By J. S. Fletcher (1863-1935).
Alfred A. Knopf.
1922. 315 pages.
Online HERE, HERE, and HERE.
The murder of two brothers at the same time. though six hundred miles apart, is only the first of many mysteries surrounding Ravensdene Court. How could the two brothers have been murdered when they were both on a ship that went down with all hands off the coast of China three years earlier? What was the significance of the etching on the tobacco box that disappeared from the inquest? Why was someone looking for the Chinaman Chuh Fen who supposedly went down on the same ship as the two murdered brothers? Find the answers in this tale of intrigue, mystery, and buried treasure within the pages of … Ravensdene Court. — Resurrected Press description
[Full review] Starting with a dual murder, Mr. Fletcher unravels his patchwork quilt with amazing skill, then sews it together again. The best work of this master of detective fiction, with quaint atmosphere, thrills, mystery, and love. — "The Bookman's Guide to Fiction," THE BOOKMAN (August 1922; go to page 628, top)
[Review excerpt] . . . as in all Mr. J. S. Fletcher's stories, there is enough plot to furnish half a dozen books, for many of the side issues have not even been touched upon in this article. — "Robbing Graves for Treasure," THE LITERARY DIGEST (August 19, 1922)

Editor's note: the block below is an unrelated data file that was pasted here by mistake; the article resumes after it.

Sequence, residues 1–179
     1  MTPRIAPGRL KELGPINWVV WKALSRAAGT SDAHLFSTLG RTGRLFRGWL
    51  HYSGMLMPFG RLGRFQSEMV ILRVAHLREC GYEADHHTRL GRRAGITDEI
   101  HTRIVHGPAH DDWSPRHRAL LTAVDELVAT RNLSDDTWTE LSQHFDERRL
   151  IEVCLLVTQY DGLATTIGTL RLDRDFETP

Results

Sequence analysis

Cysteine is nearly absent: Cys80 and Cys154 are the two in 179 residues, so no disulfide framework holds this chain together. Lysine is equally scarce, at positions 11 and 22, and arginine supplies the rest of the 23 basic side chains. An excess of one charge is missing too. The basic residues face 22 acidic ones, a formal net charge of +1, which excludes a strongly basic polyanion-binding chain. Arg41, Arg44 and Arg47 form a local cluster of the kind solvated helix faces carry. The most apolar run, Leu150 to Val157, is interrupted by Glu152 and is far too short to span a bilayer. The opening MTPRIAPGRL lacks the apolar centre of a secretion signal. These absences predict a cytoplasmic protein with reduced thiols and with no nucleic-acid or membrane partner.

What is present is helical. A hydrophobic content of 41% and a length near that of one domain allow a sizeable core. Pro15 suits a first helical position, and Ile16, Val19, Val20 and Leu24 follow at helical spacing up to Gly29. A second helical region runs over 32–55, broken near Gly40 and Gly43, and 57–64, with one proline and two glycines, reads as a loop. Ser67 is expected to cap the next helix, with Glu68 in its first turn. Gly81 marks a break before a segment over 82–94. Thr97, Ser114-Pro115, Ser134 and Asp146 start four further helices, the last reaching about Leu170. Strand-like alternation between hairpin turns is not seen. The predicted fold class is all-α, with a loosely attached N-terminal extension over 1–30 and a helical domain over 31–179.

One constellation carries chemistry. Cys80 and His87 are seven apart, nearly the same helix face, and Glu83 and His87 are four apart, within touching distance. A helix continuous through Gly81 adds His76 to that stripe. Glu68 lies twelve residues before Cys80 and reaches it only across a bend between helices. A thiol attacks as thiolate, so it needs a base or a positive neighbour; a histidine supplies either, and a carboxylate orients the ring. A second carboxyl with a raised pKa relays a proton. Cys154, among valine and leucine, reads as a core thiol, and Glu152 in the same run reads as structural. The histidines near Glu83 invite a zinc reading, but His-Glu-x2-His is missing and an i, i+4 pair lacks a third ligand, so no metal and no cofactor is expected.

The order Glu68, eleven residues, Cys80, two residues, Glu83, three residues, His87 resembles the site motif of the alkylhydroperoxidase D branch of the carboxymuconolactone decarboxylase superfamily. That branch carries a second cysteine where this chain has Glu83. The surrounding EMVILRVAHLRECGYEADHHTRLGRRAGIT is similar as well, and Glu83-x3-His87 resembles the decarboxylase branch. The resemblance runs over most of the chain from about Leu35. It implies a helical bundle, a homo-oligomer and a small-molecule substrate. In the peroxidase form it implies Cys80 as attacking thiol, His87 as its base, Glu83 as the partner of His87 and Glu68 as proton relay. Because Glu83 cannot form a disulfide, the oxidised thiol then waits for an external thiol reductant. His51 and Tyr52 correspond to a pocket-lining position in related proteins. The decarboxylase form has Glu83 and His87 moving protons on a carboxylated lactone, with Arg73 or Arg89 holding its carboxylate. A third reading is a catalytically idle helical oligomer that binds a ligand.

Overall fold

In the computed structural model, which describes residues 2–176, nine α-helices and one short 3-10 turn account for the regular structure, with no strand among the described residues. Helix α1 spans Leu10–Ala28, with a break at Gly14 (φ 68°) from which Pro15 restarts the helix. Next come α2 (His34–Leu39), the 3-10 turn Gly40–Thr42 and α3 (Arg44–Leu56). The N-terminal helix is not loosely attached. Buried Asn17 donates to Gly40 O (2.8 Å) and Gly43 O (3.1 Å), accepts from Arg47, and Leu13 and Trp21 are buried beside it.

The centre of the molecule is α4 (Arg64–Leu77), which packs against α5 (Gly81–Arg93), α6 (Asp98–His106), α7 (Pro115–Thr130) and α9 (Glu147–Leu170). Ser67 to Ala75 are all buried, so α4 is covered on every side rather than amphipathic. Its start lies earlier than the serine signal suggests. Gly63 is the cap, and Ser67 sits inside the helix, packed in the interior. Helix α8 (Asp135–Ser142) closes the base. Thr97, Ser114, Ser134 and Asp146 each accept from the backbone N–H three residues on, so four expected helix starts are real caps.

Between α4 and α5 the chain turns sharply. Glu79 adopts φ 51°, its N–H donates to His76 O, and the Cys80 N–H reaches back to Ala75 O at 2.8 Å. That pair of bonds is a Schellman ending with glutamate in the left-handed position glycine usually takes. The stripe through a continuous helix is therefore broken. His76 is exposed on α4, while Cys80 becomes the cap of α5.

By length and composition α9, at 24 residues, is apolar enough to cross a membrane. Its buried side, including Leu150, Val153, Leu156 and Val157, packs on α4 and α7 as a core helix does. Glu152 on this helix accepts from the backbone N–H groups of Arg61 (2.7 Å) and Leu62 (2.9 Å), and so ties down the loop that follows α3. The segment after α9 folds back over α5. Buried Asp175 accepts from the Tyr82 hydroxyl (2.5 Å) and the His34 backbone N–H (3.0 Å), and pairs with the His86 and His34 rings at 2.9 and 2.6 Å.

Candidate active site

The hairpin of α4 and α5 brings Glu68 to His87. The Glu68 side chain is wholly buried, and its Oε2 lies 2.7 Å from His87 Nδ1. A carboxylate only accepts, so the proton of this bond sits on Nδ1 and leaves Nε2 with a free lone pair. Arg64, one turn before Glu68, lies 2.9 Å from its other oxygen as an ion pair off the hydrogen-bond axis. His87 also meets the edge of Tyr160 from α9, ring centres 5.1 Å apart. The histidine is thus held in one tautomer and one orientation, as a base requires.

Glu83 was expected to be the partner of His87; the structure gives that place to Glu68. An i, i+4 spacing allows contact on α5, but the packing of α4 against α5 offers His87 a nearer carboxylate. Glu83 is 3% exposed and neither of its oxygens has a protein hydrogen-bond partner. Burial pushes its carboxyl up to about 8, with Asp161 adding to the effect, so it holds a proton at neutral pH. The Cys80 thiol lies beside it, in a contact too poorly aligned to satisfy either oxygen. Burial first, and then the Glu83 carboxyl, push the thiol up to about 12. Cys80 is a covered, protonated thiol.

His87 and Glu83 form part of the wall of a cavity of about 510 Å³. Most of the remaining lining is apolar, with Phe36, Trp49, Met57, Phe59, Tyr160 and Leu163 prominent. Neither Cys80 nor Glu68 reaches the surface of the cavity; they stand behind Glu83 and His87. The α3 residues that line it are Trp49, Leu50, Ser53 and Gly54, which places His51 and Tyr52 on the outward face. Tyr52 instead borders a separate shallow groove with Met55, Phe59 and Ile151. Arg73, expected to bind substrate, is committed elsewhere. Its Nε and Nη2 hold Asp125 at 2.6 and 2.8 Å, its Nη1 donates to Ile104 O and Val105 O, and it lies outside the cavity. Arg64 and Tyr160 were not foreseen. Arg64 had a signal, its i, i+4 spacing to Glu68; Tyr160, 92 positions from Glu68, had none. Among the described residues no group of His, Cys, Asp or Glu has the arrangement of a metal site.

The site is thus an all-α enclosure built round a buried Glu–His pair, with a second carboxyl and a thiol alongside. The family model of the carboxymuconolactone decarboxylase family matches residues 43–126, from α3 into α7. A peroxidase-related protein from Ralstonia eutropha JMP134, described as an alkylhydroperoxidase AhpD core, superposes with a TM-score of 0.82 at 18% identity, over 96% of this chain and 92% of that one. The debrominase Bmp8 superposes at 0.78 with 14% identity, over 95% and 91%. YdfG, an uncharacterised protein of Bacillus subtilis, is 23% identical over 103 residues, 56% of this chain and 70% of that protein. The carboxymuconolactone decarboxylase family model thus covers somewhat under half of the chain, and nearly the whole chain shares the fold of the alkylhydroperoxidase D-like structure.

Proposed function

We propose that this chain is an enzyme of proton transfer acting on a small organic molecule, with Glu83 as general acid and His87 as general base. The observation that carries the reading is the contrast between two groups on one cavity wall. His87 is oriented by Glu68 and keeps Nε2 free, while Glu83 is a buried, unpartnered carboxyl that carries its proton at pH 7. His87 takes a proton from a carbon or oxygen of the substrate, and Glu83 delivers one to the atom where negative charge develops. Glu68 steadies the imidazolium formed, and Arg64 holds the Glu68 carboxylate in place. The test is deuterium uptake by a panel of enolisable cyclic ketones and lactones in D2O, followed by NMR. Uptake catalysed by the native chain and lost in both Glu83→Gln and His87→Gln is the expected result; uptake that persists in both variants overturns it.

[Full review] Although a bit formulaic, Fletcher generally comes up with a half decent story which is mostly set in the North of England. This one has the usual country house owned by an eccentric old chap with the obligatory attractive young niece. On the way to the house to catalogue the library our hero bumps into a strange old seafaring man asking questions about local graveyards and looking for a certain name. He, of course, gets bumped off and when the authorities try to get hold of his next of kin, a brother living hundreds of miles away, they find that he was also murdered on the same night. A bit far fetched maybe, but I enjoyed it nevertheless. — John, GOODREADS (April 15, 2013)
[Full review] A classic British mystery complete with a young and handsome amateur sleuth, a young and beautiful woman with pluck, buried treasure, a mysterious murder, a kidnapping, stolen jewels, essentially the works. J. S. Fletcher wrote to a formula, but it is a fun and entertaining formula, and so long as one is not too much of a stickler for believability, it's a treat. — Brenda Mengeling, GOODREADS (June 17, 2011)
- It seems like only yesterday that we were talking about J. S. Fletcher, and SO IT WAS.
Category: Detective fiction